This story about spinal fusion surgeries that use bone-growth proteins [BMPs] pursues an important cost angle more aggressively than some other stories we saw on this same study. But it missed an important point:
The current study does not have the power to resolve the long-standing question about whether the higher short-term costs of BMPs are offset by lower long-term follow-up care. All it does is confirm that short-term costs are higher.
The story mentions the lack of long-term data as a mere caveat.
If you strip down the study you see a few interesting observations: About a quarter of spinal fusions now use BMPs. Surgeries on the inside of the spine near the neck cause breathing problems. BMP surgeries appear to be used more often in certain populations, but limitations in the data make any conclusions about disparities premature.
That isn’t much to wrap a story around.
A reader seeing a story about the cost or complications of BMPs has a broader set of questions:
Does the [initially] more expensive technique produce better outcomes? Which patients are best suited to this surgery? What really is the long-term picture? Is this yet another case of an expensive new technique making a company rich when an established treatment is just as good or better?
And what about the angle that most spinal fusion surgeries are deemed unnecessary anyway?
This study, a valuable piece of medical research, nonetheless doesn’t address any of those fundamental questions. And neither did the story.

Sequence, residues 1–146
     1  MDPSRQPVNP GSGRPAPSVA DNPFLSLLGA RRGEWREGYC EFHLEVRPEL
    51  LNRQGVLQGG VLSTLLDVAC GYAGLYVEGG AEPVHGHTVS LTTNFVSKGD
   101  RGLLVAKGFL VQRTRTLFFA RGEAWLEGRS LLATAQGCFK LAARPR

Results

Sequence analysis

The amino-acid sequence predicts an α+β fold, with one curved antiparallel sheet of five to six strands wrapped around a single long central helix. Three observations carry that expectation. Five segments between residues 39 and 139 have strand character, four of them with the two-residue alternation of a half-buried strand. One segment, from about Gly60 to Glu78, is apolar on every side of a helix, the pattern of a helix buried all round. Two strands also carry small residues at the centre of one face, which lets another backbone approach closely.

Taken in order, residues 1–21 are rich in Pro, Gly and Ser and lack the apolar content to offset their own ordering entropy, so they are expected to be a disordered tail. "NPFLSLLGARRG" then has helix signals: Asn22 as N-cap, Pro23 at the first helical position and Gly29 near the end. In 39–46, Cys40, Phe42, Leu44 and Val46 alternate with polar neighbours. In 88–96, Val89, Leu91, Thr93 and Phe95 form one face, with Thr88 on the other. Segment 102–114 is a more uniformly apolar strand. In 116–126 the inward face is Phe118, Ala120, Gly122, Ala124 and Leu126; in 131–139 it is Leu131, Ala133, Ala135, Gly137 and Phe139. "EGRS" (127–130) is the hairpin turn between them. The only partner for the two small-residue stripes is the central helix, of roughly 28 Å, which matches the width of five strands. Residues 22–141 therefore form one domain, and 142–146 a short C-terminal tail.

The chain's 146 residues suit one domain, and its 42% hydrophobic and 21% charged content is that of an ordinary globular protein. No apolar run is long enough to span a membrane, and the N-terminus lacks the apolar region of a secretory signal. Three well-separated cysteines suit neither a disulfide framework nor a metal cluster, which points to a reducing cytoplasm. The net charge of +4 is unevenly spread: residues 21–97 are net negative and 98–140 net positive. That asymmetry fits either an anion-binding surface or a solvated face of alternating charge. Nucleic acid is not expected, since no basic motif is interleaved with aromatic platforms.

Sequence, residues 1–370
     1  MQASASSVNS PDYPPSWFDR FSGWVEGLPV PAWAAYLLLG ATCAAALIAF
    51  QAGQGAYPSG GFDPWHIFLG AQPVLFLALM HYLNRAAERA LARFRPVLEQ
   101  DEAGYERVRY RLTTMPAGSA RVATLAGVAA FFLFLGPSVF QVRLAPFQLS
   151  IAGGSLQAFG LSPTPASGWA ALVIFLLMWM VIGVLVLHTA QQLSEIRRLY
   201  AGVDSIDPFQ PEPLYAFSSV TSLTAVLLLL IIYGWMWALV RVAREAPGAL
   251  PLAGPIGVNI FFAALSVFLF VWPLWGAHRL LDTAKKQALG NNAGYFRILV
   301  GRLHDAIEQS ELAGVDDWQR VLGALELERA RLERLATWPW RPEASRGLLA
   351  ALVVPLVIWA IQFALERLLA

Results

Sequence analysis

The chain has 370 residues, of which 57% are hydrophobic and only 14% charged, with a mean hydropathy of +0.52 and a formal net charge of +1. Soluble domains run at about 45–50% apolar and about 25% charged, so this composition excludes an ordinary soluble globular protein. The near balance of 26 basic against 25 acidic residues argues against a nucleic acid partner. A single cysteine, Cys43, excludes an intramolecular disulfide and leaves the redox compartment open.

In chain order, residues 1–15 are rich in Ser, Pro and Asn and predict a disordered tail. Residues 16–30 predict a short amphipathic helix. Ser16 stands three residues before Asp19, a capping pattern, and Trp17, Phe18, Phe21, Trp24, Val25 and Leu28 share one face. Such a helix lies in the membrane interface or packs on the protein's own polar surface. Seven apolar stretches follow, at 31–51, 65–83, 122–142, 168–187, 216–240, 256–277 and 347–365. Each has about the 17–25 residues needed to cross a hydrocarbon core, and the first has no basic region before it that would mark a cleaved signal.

The story fails spectacularly with the issue of costs.
First, it’s not clear why the story focuses primarily on the 11- to 41-percent higher in-hospital costs of BMP–the study’s findings on prevalence and complication rates are at least as significant.
Yet despite the story’s focus on costs, the story lacks basic reporting on them. The story fails to say how much the surgery costs, how big that 11 to 41 percent premium really is, and who pays for it. And in whose pocket that extra spending winds up in.
As it happens, the journal study itself includes these details: The BMP product costs about $4,000. For anterior cervical fusion, the surgery without BMP cost about $31,000. With BMP, about $46,000.
But it gets worse.
As the story itself explains, the issue of total BMP costs has been controversial since the technology’s inception because [as BMP makers suggest] patients who get BMP surgery may require less treatment over the course of their lives than their peers. Despite the interested source, it’s a legitimate argument worth exploring.
And yet: As the authors of the journal article themselves explain, this study did not follow patients over time and therefore lacked the power to speak to the question of total costs at all. Its findings about in-hospital costs are useful but not in any way conclusive.
In other words: the story focuses on the findings of higher costs of BMP despite the fact that the study cannot resolve the question of total costs–which, from a public health perspective, is the only one that counts.